Randomised comparison of uterine artery embolisation (UAE) with surgical treatment in patients with symptomatic uterine fibroids (REST trial): 5-Year results

J. G. Moss, K. G. Cooper, A. Khaund, L. S. Murray, G. D. Murray, O. Wu, L. E. Craig, M. A. Lumsdenf

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Abstract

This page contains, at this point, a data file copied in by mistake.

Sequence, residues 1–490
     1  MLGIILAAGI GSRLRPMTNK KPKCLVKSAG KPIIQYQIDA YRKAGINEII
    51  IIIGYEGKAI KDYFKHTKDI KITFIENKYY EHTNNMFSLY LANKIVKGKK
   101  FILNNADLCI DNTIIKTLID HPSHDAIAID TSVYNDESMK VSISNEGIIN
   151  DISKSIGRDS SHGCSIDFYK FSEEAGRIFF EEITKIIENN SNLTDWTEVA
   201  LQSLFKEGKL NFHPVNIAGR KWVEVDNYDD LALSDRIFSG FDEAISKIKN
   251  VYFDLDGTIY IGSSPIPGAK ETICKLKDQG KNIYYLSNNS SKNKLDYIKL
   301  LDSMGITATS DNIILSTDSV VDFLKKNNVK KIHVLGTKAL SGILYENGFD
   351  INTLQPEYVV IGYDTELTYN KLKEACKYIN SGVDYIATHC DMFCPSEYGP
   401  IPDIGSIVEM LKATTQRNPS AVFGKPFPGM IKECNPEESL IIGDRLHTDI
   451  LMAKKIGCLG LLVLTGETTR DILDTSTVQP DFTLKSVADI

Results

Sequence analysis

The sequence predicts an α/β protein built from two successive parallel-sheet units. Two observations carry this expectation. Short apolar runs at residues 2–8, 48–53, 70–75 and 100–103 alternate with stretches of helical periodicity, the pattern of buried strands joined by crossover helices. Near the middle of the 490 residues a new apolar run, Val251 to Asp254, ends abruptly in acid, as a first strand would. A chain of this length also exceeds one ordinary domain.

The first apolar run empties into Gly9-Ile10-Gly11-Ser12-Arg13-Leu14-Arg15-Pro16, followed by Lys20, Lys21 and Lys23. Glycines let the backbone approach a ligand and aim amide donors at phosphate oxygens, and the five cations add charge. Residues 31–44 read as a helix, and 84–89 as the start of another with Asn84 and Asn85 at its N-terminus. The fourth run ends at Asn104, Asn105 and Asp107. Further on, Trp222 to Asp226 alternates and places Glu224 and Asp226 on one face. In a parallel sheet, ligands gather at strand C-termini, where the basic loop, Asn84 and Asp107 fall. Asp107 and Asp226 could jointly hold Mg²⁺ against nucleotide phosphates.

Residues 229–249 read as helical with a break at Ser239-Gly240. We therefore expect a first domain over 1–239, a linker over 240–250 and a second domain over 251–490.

Objective: To compare the long-term results of uterine artery embolisation (UAE) with surgery for women with symptomatic uterine fibroids. Design: Pragmatic, open, multicentre, randomised trial. Setting: Twenty-seven participating UK secondary care centres. Sample: Women aged ≥18 years with symptomatic fibroids who were considered to justify surgical treatment. Methods: In total, 157 women were randomised (in a 2:1 ratio): 106 to UAE and 51 to surgery (hysterectomy 42; myomectomy nine). Main outcome measures: Quality of life at 5 years, as assessed by the Short Form General Health Survey (SF-36). Secondary measures included complications, adverse events and the need for further intervention. Results: There were no significant differences between groups in any of the eight components of the SF-36 scores at 5 years (minimum P = 0.45). Symptom score reduction and patient satisfaction with either treatment was very high, with no group difference. Rates of adverse events were similar in both groups (19% embolization and 25% surgery; P = 0.40). The 5-year intervention rate for treatment failure or complications was 32% (UAE arm) and 4% (surgery arm), respectively. The initial cost benefit of UAE over surgery at 12 months was substantially reduced because of subsequent interventions, with treatments being cost neutral at 5 years. Conclusions: We have found that UAE is a satisfactory alternative to surgery for fibroids. The less invasive nature of UAE needs to be balanced against the need for re-intervention in almost a third of patients. The choice should lie with the informed patient.